Use this URL to cite or link to this record in EThOS: http://ethos.bl.uk/OrderDetails.do?uin=uk.bl.ethos.554332
Title: Transcriptional and post-transcriptional control of DNMT1 in oocytes and somatic cells
Author: Lau, Ho-Tak
Awarding Body: University of Ulster
Current Institution: Ulster University
Date of Award: 2010
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Abstract:
In mammals, the DNA methylation patterns are established by the de novo methyltransferases of the DNMT3 family and subsequently maintained DNMTl. The DNA methylation patterns of imprinted genes are established during gametogenesis. Many imprinted genes are found methylated on the maternal allele, and this modification is established during oocyte growth. My primary aim was to develop a simple in vitro system for culturing oocytes during the period of de novo methylation, which would allow us to access this critical developmental period and to manipulate the microenvironment by supplementing growth factors in order to examine the signalling required for initiating de novo methylation. In Chapter 2, I show the development of the primary follicles from primordial follicles in an in vitro environment. By addition of SCF, I confirmed that it acts as a major growth stimulant in early oocyte growth. However, follicular development was arrested at the primary follicle stage, probably due to the absence of a theca layer surrounding the follicle. Secondly, I wanted to investigate if DNA methylation could be established at imprinted genes and repeat sequences in cultured oocytes with a view to investigating factors responsible for these events. Chapter 3 revealed limited establishment of DNA methylation in the cultured oocytes. Chromatin staining illustrated improper chromatin remodelling of the oocytes which accompanied follicle developmental arrest, and may have blocked de novo methylation. Lastly, I aimed to determine whether Dnmtl expression is regulated posttranscriptionally by the cytoplasmic polyadenylation element present in its 3 'UTR. Results in Chapter 4 show the CPE enhances DNMTl expression and also suggest the importance of a 26nt long conserved region in regulating the gene.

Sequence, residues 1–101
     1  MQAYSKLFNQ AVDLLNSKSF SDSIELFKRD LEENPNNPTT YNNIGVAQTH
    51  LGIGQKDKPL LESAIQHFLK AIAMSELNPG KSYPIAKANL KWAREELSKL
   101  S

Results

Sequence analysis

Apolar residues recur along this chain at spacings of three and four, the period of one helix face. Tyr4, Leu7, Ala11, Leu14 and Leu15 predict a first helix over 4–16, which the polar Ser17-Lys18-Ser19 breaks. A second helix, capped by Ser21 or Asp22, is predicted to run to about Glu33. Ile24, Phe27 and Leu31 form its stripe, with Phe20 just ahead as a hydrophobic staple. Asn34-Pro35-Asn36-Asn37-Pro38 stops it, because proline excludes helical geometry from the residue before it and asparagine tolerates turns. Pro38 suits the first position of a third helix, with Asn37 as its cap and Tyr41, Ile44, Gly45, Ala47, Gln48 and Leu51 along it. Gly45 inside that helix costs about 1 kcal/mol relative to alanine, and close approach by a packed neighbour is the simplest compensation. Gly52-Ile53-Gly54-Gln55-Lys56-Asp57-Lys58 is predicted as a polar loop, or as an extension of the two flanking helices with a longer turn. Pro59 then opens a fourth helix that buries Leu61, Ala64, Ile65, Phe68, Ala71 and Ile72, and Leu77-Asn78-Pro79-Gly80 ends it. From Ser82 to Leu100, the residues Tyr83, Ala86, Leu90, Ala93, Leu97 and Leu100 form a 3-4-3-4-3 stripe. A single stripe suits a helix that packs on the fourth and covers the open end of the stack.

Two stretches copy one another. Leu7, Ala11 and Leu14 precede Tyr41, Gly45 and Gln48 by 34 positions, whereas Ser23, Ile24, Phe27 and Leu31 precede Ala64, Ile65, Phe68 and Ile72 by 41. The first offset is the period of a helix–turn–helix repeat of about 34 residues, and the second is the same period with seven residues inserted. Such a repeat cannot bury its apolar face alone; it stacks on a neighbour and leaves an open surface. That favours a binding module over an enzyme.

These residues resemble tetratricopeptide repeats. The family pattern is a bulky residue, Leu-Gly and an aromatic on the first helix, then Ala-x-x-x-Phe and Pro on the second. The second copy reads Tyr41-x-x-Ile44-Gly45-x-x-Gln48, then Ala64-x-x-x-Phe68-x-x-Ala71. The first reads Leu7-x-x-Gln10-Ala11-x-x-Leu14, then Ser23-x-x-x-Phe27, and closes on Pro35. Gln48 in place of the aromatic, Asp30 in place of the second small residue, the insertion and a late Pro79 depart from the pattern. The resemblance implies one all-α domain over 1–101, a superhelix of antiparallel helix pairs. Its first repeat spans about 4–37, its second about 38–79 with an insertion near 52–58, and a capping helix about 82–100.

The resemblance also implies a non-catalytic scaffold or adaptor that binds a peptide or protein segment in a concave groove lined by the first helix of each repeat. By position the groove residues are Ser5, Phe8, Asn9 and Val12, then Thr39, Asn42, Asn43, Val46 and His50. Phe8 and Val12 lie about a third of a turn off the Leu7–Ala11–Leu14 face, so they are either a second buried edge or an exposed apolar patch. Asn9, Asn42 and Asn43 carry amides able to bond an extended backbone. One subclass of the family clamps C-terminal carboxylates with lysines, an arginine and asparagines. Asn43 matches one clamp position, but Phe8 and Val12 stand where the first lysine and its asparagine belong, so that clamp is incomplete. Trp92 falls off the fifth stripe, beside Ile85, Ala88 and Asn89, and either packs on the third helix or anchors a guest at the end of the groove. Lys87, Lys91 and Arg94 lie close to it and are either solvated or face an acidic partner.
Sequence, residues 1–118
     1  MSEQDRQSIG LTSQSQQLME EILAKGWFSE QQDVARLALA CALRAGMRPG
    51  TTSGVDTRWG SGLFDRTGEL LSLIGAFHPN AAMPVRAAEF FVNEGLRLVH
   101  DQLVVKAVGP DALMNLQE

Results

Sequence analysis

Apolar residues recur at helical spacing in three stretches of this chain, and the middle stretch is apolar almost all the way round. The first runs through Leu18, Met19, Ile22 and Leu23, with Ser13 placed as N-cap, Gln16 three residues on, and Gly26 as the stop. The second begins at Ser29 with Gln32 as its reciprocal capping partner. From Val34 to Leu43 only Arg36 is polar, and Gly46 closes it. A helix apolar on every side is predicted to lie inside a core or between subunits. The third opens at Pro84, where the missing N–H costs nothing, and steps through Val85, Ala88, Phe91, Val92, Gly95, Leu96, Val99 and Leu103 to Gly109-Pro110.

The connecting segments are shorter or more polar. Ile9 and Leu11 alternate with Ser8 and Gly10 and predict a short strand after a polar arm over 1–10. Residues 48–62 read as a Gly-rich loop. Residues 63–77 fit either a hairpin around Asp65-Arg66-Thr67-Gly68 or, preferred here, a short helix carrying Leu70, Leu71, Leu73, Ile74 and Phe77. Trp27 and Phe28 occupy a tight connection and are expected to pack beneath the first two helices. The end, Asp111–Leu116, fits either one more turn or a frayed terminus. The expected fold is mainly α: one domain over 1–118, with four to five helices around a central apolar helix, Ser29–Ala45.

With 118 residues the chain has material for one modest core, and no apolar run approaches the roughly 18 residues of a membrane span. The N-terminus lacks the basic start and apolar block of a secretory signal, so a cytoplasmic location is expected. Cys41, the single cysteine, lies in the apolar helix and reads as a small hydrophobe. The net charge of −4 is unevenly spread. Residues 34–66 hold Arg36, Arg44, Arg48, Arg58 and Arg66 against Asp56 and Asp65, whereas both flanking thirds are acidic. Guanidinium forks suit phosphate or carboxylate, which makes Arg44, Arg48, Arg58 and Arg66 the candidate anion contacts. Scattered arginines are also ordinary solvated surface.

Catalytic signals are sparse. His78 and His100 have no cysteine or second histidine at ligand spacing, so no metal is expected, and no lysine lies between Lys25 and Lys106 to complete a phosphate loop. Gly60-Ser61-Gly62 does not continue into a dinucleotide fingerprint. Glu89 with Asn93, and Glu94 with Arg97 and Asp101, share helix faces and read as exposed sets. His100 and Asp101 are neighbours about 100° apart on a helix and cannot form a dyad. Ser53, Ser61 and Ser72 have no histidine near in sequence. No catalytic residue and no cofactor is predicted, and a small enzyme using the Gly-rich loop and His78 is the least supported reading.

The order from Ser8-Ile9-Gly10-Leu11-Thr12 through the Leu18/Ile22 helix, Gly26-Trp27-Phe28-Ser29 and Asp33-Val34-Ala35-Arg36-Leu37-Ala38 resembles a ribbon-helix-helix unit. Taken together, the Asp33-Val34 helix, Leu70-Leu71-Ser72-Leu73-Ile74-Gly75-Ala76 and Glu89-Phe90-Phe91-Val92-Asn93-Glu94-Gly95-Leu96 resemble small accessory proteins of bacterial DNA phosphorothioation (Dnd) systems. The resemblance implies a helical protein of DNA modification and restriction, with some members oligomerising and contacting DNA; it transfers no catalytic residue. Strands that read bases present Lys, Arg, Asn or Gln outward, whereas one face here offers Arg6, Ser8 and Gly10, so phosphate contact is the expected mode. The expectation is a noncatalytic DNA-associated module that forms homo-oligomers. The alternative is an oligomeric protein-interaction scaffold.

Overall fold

Supervisor: Not available Sponsor: Not available
Qualification Name: Thesis (Ph.D.) Qualification Level: Doctoral
EThOS ID: uk.bl.ethos.554332  DOI: Not available
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